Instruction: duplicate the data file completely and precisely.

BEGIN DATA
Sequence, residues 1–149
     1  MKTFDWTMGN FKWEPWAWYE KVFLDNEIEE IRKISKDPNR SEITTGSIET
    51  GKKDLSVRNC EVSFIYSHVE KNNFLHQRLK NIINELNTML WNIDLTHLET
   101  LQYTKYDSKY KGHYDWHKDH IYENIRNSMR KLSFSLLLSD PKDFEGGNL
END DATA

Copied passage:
Sequence, residues 1–149
     1  MKTFDWTMGN FKWEPWAWYE KVFLDNEIEE IRKISKDPNR SEITTGSIET
    51  GKKDLSVRNC EVSFIYSHVE KNNFLHQRLK NIINELNTML WNIDLTHLET
   101  LQYTKYDSKY KGHYDWHKDH IYENIRNSMR KLSFSLLLSD PKDFEGGNL